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The Yankees need to find a way to beat Chicago’s offer to Manny Machado

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The Yankees better feel ashamed if Machado takes the rumored White Sox offer.

MLB: NLCS-Los Angeles Dodgers at Milwaukee Brewers
MFW I see the Yankees spewing straight bulls**t
Jon Durr-USA TODAY Sports

I get it, you’re probably tired of reading about Manny Machado and why the Yankees should sign him, or even just about where Machado will go in general. Heck, I’m tired of writing about it, yet here we are. It’s the middle of January and there are still so many players left to be signed. Everyone seems to be waiting to see where Machado and Bryce Harper will end up and we have no idea if we’re getting that closure anytime soon. The baseball offseason has become so exhausting.

As of right now the Phillies are the “favorites” to sign Harper and Machado has an official offer on the table from the White Sox. It’s that offer that brings us here today. Supposedly the offer from the South Side of Chicago is for eight years and $250 million. Of all three of the Machado frontrunners (Yankees, Phillies, White Sox), Chicago probably has the most to gain from signing Machado.

The Yankees want Machado to take a great team and make them even better. The Phillies are looking for Machado to cement a rebuild and propel them into contention. The White Sox, however, need Machado to propel them into relevancy. They’re not even playing it cool in how much they want Machado, after trading for his brother-in-law Yonder Alonso and signing his friend Jon Jay. And their offer was for eight years.

This is a 26-year old superstar entering his prime, that they’re desperate for, and they offered eight years. They’re a far cry away from $300 million, let alone the supposed 13-14 year speculation that surrounded the Machado/Harper rumors for years. An eight-year commitment for arguably a top-5 hitter in baseball that’s 26 is absolutely nothing. And he’s thinking of taking it!

This all is being set-up perfectly for the Yankees. That same 26-year old superstar, top-5 hitter wants to play for the Yankees. He wants to come to New York and the front office is playing hardball, because Hal Steinbrenner’s more interested in his yachts than championships. Of course Machado doesn’t guarantee a championship, but he increases their chances greatly. Yet the team has shown no indication of doing what it takes to get him.

At the same time that the White Sox offer came out, Andy Martino of SNY reported that Machado doesn’t care about where his brother-in-law is or the Pride, Power, Pinstripes BS the Yankees probably tried selling him on, nor should he. He’s going to sign with whoever offers him the most money, as he absolutely should and as every single person in the world would.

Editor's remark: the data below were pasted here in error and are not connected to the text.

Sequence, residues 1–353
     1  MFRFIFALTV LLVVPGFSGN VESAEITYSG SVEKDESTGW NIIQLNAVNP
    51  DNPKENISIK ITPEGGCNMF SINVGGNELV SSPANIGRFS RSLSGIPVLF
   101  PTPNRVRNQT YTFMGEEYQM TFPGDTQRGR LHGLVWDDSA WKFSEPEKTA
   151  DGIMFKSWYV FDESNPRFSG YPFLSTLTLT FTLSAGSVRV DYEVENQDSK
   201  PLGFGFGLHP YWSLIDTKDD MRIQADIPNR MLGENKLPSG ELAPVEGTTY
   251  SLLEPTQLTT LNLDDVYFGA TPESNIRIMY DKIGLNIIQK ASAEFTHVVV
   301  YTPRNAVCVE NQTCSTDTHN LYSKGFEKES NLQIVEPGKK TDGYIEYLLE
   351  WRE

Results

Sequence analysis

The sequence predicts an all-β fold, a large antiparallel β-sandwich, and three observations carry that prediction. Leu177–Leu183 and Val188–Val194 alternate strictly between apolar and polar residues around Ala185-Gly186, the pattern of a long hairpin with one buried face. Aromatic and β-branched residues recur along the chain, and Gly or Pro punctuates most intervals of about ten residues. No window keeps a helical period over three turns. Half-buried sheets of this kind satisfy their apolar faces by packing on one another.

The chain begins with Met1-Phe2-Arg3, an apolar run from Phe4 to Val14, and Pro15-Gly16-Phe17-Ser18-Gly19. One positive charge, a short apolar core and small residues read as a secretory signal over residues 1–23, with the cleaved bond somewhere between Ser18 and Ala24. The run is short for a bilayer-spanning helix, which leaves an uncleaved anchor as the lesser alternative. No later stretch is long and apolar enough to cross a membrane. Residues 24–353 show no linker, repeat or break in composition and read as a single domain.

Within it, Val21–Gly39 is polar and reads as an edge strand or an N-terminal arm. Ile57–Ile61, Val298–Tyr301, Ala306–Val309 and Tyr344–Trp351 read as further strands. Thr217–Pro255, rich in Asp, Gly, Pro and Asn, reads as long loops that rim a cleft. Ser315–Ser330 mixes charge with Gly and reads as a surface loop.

Now, word comes from a person with direct knowledge of Machado’s thinking that he plans to choose the team that makes the highest offer.

In most cases, this would be about as stunning as “Source: Sun will set this evening.”

Most free agents chase the money, as they should. But with Machado, it’s an update that does hold some relevance.

The Yankees’ hopes to sign Machado rely on either an aggressive late offer that no one sees coming, or Machado’s willingness to take less because 1) his wife likes New York; 2) A-Rod is his idol; 3) Carlos Beltran used to have the same agent; or 4) he wants to see the Warhol exhibit at the Whitney before it closes.

Good. Taking a “discount” would set a terrible precedent in a market where owners are already (unofficially) coming together to lowball the players.

So Machado has a very-reasonable-for-him offer from someone else on the table, will sign with the highest bidder, and I cannot state this last point enough: wants to come play for the Yankees. This should be easy. At the very least, MATCH that offer. If all the offers are the same, then his desire to go to the A History of Magic exhibit will come into play. Or, don’t leave things to chance, beat that offer, sign the superstar, and light the cigar.

This is playing out perfectly for the Yankees. Machado’s market never really formed the way it was expected to or how he wanted. They could swoop in, make the highest offer, and stay under that scary $300 million benchmark. Instead, they won’t. And not because they want to stay under the luxury tax threshold, since they already surpassed that.

They’ll sell fans on being competitive because they signed DJ LeMahieu and Troy Tulowitzki, when really those signings don’t move the needle much. In fact, some are saying there’s no more room for Machado because of those two, but you know what? Get the superstar on a very good deal, and cut the guy who hasn’t played in a year and a half and is only being paid the minimum, then use LeMahieu as that super-utility guy/Neil Walker-replacement off the bench.

There’s still room for the Yankees to add Machado, and they absolutely should. I shouldn’t have to tell anyone why. I don’t believe it will happen because everything we’ve seen so far indicates that they won’t, but I am so ready and willing to be proven wrong. As Andy Martino also notes, the Yankees’ last hope comes down to a last-minute aggressive offer and I will be the first (or 11th depending on what time of day it is and my schedule) person to write a “The Yankees proved me wrong and I couldn’t be happier” thinkpiece.

This isn’t one of those empty “I’m going to root for another team” threats, but if Machado does end up with a deal like the ones the White Sox have supposedly offered or something close to it, it will be infuriating. And as a fan, I have every right to be annoyed with the choices they make. The Yankees should be ashamed and anyone who buys their excuses should be ashamed as well.